BofA-ML pegs Indian rupee at 57-58 to the US dollar on positive Lok Sabha outcome

Apr 07 2014, 19:16 IST
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The report further said it does not think fundamentals will sustain the rupee beyond 60-65. (Reuters) The report further said it does not think fundamentals will sustain the rupee beyond 60-65. (Reuters)
SummaryA clear mandate at the Centre in the ongoing general elections may help the rupee rally to 57-58 level "temporarily", says a report.

A clear mandate at the Centre in the ongoing general elections may help the rupee rally to 57-58 level "temporarily", says a report.

"If May 16 (election results day) throws up a 'market-friendly' stable coalition government, we do not rule out the rupee temporarily breaching the 57-58 levels," Bank of America Merrill Lynch said in a report today.

However, the report does not see the rupee rallying to 55 as it has typically been far less sensitive to polls than equities.

Attributing lower import cover for not helping the rupee rise to 55, the report said, "the RBI will buy dollars if the emergence of a stable government attracts capital inflows."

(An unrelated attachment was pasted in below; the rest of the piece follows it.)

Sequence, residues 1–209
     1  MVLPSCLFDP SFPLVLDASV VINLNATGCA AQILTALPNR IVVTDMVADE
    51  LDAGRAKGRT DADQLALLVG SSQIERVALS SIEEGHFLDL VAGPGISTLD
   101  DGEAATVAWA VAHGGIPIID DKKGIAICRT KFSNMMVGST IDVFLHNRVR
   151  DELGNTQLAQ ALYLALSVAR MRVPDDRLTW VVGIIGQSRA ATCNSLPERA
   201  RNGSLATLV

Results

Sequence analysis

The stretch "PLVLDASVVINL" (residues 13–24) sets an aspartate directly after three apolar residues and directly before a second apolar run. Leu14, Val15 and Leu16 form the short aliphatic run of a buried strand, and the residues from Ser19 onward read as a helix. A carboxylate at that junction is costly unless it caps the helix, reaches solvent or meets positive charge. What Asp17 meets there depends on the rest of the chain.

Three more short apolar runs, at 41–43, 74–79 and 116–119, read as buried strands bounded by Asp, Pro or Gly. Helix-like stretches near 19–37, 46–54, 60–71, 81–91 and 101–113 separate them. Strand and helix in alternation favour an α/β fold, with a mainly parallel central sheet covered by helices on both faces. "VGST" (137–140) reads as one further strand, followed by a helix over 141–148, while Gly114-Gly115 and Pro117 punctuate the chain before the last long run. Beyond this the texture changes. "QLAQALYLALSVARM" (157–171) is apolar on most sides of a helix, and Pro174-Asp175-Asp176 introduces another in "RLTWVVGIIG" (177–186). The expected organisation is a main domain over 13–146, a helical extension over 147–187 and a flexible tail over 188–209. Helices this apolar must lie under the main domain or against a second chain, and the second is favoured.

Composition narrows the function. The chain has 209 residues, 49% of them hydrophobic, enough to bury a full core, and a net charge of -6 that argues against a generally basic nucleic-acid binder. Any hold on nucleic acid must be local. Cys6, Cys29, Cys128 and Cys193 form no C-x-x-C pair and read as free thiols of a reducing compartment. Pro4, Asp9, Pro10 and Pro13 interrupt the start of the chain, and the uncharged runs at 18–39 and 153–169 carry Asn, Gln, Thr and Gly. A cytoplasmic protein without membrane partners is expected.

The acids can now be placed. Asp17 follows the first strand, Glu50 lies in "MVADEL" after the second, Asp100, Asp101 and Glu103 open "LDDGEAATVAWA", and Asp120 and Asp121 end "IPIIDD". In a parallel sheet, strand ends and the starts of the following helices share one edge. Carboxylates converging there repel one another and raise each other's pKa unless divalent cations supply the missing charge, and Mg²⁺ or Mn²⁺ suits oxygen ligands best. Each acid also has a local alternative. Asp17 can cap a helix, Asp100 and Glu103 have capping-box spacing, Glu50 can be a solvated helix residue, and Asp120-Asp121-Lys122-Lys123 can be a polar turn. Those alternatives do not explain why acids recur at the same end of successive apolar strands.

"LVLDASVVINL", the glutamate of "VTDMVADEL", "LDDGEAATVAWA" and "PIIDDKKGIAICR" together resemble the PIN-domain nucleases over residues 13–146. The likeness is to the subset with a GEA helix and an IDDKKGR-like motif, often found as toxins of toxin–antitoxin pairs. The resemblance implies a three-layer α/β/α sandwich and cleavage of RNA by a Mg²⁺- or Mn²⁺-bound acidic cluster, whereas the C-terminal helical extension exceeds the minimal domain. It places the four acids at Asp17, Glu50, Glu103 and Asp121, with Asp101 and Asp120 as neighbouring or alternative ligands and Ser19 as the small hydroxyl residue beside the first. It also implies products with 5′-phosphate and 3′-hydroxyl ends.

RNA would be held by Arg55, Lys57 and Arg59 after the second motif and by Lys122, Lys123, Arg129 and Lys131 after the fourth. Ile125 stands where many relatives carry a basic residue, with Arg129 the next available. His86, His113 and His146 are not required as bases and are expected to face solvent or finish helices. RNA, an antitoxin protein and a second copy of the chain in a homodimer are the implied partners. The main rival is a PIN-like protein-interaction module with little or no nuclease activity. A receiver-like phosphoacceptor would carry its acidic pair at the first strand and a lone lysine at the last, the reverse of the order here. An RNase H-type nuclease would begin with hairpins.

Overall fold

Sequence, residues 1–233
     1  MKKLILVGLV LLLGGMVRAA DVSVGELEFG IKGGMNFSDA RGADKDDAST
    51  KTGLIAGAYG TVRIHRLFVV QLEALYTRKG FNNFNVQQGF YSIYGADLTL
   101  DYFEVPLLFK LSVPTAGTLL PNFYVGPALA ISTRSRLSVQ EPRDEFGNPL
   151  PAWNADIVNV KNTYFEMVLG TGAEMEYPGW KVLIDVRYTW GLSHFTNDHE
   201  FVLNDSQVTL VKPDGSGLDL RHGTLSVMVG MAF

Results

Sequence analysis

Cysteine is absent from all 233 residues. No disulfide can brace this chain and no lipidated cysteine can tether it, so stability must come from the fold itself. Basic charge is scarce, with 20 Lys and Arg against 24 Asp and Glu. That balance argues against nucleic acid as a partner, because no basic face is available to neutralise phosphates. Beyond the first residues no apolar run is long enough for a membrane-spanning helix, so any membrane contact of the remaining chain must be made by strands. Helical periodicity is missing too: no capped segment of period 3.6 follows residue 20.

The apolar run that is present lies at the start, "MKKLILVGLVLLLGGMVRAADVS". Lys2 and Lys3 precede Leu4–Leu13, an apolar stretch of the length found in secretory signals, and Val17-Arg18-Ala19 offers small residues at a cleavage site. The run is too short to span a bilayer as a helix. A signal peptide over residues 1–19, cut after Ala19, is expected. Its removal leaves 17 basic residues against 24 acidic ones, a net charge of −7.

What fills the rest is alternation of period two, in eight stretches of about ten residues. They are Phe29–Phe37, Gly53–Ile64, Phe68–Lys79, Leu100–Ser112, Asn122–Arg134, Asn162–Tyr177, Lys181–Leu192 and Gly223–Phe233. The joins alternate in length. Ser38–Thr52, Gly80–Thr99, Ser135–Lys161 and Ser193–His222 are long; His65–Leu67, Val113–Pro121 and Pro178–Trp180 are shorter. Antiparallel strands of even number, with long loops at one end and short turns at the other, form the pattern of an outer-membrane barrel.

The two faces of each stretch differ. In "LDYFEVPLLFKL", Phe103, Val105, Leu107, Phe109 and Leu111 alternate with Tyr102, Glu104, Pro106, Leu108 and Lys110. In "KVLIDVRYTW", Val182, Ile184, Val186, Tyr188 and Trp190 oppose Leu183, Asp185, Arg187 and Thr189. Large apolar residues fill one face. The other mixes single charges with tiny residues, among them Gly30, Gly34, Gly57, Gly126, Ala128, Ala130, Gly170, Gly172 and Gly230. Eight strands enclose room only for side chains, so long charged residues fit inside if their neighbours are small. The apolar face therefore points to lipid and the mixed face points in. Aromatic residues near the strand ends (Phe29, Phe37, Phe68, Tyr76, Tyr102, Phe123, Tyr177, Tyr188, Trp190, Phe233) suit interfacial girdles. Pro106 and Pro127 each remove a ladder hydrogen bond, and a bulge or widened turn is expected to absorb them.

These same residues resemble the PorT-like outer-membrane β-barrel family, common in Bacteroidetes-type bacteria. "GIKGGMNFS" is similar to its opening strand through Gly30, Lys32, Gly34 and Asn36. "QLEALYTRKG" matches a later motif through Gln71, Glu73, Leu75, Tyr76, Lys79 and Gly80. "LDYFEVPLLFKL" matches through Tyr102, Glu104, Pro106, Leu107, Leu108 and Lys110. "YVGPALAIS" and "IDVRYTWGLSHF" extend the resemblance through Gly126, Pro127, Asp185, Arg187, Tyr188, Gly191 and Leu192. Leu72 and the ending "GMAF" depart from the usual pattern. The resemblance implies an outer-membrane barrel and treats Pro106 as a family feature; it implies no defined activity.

However, it added that with the Fed tapering on, it is difficult that capital inflows can be much larger.

The report further said it does not think fundamentals will sustain the rupee beyond 60-65.

"We expect the RBI to recoup forex reserves if a stable coalition attracts large-scale capital inflows. After all, the import cover, at 7.5-8 months, is well below the 10 months needed for a stable rupee," the report said.

The report believes the government will, sooner or later, have to remove restrictions on gold imports.

It expects the current account deficit to widen to 2.7 per cent of GDP in FY'15 from 1.9 per cent in FY'14.

The report said the next government's policies related to foreign exchange will be the next major trigger for the domestic currency.

"We expect it to allow the RBI to recoup forex reserves to ensure a Jalan-Reddy-type RBI bringing in external stability. After all, most political regimes have followed a conservative policy of building up forex reserves, if necessary, at the cost of the rupee," it concluded.

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